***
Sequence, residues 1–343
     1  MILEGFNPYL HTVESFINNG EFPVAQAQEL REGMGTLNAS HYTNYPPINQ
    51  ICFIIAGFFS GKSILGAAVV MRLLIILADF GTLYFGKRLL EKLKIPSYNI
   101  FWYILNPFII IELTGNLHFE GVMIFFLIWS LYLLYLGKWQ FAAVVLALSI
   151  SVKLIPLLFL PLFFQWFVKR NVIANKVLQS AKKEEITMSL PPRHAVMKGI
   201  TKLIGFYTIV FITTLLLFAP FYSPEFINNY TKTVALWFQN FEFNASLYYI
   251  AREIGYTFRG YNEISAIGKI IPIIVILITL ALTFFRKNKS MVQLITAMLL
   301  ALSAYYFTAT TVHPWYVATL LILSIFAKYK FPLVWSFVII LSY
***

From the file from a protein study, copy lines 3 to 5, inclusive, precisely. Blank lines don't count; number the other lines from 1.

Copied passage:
    51  ICFIIAGFFS GKSILGAAVV MRLLIILADF GTLYFGKRLL EKLKIPSYNI
   101  FWYILNPFII IELTGNLHFE GVMIFFLIWS LYLLYLGKWQ FAAVVLALSI
   151  SVKLIPLLFL PLFFQWFVKR NVIANKVLQS AKKEEITMSL PPRHAVMKGI